Tax rules don’t treat all income equally
Have you ever completed your own tax return?
If so, you know that the tax office treats different types of income differently. Bank interest is recorded in one place, dividends from shares in another, and managed fund distributions in yet another.
And unless you are taking a pension or lump sum from your super, you can skip your earnings on those funds entirely.
Returns from investing in shares and property, in particular, come with some real tax benefits.
The trick is to make sure you take advantage of them.
Understand the tax rules
The most common tax benefits are:
- Franked dividends from Australian shares. These represent a tax credit of up to 30% for tax already paid by the company. If your franking credit entitlement is over $5,000, be aware that the shares must have been held for at least 45 days.
- A 50% discount on the capital gain made from the sale of a personally held asset. Superannuation funds can qualify for a one-third discount. Note that this only applies where the asset has been held for at least 12 months.
- Capital losses can be offset against capital gains and the net gain is only payable when the asset is sold. The tax can be deferred for a long time.
Choose who owns the investment assets
Achieve the best tax outcome with a low-income earner holding investment assets.
- earn up to $20,542 tax-free
- receive a refund of all imputation credits
- and pay less tax on capital gains.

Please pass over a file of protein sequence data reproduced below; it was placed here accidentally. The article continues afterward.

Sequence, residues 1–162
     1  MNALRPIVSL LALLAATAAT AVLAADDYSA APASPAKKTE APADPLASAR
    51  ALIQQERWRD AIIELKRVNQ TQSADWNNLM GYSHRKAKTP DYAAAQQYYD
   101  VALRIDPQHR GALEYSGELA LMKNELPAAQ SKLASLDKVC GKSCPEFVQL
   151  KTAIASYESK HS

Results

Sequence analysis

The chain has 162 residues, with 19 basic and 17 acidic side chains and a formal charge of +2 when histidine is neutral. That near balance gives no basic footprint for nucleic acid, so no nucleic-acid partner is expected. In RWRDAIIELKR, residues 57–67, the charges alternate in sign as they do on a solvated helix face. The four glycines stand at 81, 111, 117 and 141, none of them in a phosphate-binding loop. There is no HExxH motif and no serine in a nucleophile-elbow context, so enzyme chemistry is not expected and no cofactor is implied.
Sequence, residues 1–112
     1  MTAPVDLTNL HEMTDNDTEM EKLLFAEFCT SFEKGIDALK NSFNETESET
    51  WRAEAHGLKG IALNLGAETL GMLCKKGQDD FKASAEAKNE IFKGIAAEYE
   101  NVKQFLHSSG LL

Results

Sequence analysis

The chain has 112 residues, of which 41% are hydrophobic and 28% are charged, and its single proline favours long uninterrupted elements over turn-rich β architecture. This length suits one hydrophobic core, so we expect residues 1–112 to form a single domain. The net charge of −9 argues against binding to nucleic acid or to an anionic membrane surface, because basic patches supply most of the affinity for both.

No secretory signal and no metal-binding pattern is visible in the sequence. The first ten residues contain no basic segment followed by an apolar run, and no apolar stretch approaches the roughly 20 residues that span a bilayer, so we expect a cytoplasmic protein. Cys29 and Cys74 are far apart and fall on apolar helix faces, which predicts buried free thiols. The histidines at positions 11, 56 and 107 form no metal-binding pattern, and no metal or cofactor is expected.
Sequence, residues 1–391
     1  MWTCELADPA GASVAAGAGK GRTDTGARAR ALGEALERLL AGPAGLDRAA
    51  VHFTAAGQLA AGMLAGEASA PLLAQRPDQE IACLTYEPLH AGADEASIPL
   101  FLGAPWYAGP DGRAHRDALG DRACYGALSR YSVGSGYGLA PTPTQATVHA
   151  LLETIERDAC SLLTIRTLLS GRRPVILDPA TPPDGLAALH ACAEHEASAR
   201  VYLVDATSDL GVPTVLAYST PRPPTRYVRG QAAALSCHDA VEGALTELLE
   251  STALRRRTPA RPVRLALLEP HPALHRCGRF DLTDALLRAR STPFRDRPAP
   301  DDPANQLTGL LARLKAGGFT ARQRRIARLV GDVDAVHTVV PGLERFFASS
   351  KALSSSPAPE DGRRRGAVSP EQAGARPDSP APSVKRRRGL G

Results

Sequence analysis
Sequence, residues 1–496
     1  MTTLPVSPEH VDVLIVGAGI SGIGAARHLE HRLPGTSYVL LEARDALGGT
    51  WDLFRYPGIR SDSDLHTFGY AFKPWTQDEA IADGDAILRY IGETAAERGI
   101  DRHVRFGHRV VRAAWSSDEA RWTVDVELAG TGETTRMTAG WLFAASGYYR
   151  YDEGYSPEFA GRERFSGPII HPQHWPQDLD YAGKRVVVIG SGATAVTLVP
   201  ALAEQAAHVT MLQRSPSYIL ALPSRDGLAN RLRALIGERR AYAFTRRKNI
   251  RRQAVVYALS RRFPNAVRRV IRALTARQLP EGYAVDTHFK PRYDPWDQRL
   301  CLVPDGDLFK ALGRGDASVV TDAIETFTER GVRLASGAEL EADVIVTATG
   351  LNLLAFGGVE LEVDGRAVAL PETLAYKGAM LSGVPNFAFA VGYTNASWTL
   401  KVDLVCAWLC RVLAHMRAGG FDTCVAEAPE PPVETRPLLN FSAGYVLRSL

For example, if an investor on the top marginal tax rate of 47% had a $100,000 capital gain, they would pay $23,500 in tax and Medicare.
If an investor with no other income had a $100,000 capital gain they would pay $8,797 – a savings of $14,703.
Choose the structure of your superannuation
The most generous tax arrangements are Superannuation funds. If you manage a share portfolio in a super fund, capital gains will be taxed at 10% or 15%. By contract, if you held them privately, they would be taxed as much as 23.5% or 47%.
Imputation credits are especially valuable in a super fund because the fund pays a flat 15% tax and the 30% tax credit can be used to offset tax on other income.
Be smart about timing to maximise tax benefits
To maximise tax benefits, the 45-day and 12-month rules are obviously important. Capital gains are only incurred when an asset is sold and capital gains tax (CGT) can be deferred indefinitely. An investment asset can be passed through your estate to future generations and no CGT would be payable.
Superannuation provides special opportunities to avoid CGT altogether. The Superannuation fund pays tax at 15% in the accumulation stage. But once a pension is started, the fund pays no tax at all. A share portfolio or a property can be sold once the pension has started and no CGT would be payable.
The opportunity to invest tax-effectively using some of these methods will vary from one person to the next. Make sure you seek advice about how they relate to your own situation. Talk to a Think Big Financial Group investment and tax specialist, phone (03) 9676 9879.
This represents general information only. Before making any financial or investment decisions, we recommend you consult a financial planner to take into account your personal investment objectives, financial situation and individual needs. Speak with a tax accounting specialist (such as TBFG) who is up-to-date with applicable deductions, tax law, and business structuring to get you the biggest return on your EOFY tax assessment.